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It’s official. I am sticking with my resolution to stay out of the Nanowrimo Amusement Park this year.
This saddens me. I feel like a kid on the wrong side of the fence, watching the other kids buying cotton candy and lining up for the roller coaster. But, I am determined to be a responsible writer and stay with my WIP. This is the right decision, I know it is, but it’s a difficult one. I love Swimming North, but it is at the Hard Work Stage. Everything about it is difficult. All of those little plot problems and character inconsistencies about which I waved my hand dismissively with promises to “fix it later,” are now lined up in battle formation, ready to kick my procrastinating ass.
Surrender is tempting.
I imagine waving a white flag and declaring myself beaten:
The story is too big for me. The surreal is too surreal. The writing is inadequate. Nobody will care enough about the characters. Give up. Walk away. Try again with another book and see if you can do better.
But I am not wired for surrender. Too much of Grandpa George, my formidable Norwegian ancestor, flows through my veins. No matter how great the odds – in the face of adversity I cling with claws and teeth to a goal and carry on.
Now that I’ve cleared that piece of over written drama from my brain, let me get back to my original purpose for this blog post.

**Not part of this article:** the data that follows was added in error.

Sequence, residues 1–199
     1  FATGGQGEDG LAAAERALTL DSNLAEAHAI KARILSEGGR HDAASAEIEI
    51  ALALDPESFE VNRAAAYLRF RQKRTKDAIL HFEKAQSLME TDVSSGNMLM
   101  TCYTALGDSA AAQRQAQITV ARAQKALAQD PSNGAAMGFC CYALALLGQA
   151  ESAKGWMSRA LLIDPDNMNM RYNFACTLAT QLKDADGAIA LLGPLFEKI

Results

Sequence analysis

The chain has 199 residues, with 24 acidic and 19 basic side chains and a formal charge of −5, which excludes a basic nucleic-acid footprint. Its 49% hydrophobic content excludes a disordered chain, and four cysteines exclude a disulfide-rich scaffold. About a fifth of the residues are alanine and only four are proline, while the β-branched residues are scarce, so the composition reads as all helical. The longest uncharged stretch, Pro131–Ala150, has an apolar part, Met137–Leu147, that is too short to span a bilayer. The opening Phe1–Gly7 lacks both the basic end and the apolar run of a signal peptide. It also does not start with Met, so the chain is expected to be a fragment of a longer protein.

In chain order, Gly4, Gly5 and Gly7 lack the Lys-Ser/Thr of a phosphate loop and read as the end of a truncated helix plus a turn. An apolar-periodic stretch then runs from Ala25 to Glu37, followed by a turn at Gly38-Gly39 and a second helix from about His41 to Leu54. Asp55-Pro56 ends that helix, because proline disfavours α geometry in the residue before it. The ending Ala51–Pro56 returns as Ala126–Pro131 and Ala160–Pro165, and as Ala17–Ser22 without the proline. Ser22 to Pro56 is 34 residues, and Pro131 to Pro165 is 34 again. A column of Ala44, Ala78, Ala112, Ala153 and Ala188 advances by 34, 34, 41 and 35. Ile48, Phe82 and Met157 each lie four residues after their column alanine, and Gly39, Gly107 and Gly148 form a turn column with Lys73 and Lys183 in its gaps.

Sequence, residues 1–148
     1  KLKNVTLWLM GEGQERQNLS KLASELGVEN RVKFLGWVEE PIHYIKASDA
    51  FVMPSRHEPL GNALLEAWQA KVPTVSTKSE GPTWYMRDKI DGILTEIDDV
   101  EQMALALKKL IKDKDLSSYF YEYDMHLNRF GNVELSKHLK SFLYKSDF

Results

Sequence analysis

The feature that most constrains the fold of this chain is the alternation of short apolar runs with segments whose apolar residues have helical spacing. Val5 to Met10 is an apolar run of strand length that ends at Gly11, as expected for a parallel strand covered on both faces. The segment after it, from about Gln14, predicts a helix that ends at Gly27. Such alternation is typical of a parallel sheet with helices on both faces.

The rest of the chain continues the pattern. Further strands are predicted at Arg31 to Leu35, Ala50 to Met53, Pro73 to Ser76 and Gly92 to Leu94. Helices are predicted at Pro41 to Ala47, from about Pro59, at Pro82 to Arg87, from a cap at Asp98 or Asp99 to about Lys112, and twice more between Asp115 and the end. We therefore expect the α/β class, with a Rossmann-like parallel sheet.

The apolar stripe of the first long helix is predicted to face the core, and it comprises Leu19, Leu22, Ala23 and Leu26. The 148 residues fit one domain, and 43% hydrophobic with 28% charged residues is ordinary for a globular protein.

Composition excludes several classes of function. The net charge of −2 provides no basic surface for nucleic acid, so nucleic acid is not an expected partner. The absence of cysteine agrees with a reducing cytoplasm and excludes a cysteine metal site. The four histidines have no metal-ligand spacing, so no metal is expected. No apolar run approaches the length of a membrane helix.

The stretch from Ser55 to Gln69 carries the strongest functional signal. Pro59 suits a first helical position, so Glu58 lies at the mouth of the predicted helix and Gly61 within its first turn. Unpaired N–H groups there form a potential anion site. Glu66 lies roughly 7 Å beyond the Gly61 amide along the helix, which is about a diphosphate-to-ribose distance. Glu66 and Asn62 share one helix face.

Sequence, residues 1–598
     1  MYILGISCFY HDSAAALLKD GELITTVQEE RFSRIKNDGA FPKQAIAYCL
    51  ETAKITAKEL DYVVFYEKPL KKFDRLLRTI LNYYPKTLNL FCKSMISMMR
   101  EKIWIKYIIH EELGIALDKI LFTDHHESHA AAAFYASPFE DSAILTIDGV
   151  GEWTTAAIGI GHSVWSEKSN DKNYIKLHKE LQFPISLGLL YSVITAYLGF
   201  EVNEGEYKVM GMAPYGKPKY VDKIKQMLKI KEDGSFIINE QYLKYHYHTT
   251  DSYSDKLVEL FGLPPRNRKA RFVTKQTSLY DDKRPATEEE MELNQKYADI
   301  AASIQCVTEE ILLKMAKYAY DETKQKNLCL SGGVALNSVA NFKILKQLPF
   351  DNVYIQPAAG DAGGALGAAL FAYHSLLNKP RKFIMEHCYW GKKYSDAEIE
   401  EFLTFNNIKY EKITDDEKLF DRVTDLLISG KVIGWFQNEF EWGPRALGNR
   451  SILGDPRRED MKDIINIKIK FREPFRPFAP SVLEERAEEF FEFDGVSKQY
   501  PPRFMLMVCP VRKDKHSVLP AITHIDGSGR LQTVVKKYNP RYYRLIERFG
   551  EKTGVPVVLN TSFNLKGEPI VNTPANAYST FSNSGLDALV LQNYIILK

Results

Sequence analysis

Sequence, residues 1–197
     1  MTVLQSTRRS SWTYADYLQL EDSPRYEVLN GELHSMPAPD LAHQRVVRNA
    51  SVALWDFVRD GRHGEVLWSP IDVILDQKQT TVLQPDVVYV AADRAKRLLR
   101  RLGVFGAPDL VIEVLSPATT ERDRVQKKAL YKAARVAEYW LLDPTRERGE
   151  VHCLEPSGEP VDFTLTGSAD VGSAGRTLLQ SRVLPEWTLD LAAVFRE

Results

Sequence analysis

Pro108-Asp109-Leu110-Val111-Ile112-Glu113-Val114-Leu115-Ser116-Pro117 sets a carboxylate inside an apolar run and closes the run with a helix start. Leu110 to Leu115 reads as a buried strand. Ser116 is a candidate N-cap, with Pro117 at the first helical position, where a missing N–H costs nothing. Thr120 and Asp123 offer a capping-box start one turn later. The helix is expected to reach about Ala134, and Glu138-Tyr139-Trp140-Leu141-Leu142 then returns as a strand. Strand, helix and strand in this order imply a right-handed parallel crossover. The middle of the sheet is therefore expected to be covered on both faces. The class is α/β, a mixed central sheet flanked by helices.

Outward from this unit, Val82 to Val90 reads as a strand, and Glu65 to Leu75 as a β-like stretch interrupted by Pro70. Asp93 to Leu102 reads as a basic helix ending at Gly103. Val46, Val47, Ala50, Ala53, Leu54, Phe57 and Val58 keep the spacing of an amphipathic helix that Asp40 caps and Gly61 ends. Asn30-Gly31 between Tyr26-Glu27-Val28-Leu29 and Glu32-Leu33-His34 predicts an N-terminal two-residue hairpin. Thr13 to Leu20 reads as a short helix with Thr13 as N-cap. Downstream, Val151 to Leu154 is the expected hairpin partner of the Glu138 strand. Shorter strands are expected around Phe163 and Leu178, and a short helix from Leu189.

Anybody else taking a pass on Nanowrimo this year? Misery loves company. Or better yet, let’s have a Non-Nanowrimo Party Month. Declare yourself if you have a goal to complete, or if you just want to hang out while watching the fun go by.
Me? Why yes, I have a goal. I plan to be ready to query this novel by the end of the month. Take that, novel! I have a keyboard, and I mean to use it.
Flying Monkeys? Yep, I’ve got ’em. I never for a moment anticipated their arrival in my novel in progress; didn’t prepare with some sort of ‘Monkey Be Gone’ powder, or set flying monkey traps to contain the evil little beggars. They have fangs and talons and batlike wings, and they are here to stay.
If I chose, I could call in an exterminator. My internal editor is good at that sort of thing. I’m pretty sure, given the go ahead, she could eliminate those monkeys and create order out of chaos before I could type another page worth of words.
But here’s the thing: somebody invited those monkeys, and it wasn’t me. One of the characters in this tale has taken on enough life of her own to say, “Hey, I need flying monkeys” and call them into existence. Who am I to argue with this? Looking back, I realize that I did not invite the dragons either. In fact, if I’m being strictly honest with myself, most of this book was not my idea.
I am a listener. Not always a good one, but I think that is really my job. Not to try to shape the story, but to allow it to shape itself. To let the ideas and the voices in my head come alive on the page, give them words in which they can live and move and have their being.
Once the characters have manifested myself, then it’s my job to say to Character A – “I think you need to meet Character B.” From there it may be love at first sight or open warfare, but that is not my decision. If the characters have been allowed to become self determining, they will have definite opinions about each other, and will insist on taking action. They create messes and clean them up.